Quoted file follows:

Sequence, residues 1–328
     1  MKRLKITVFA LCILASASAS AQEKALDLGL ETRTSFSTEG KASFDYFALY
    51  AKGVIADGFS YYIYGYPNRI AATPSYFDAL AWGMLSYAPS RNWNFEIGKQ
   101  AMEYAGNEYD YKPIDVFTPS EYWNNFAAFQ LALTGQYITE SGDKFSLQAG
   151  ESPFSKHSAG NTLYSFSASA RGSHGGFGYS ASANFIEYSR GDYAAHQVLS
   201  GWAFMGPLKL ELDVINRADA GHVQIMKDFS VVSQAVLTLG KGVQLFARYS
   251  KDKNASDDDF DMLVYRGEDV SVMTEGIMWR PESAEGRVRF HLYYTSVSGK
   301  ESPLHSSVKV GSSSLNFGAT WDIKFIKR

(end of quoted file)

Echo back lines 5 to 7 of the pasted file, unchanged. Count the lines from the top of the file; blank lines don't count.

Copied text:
   151  ESPFSKHSAG NTLYSFSASA RGSHGGFGYS ASANFIEYSR GDYAAHQVLS
   201  GWAFMGPLKL ELDVINRADA GHVQIMKDFS VVSQAVLTLG KGVQLFARYS
   251  KDKNASDDDF DMLVYRGEDV SVMTEGIMWR PESAEGRVRF HLYYTSVSGK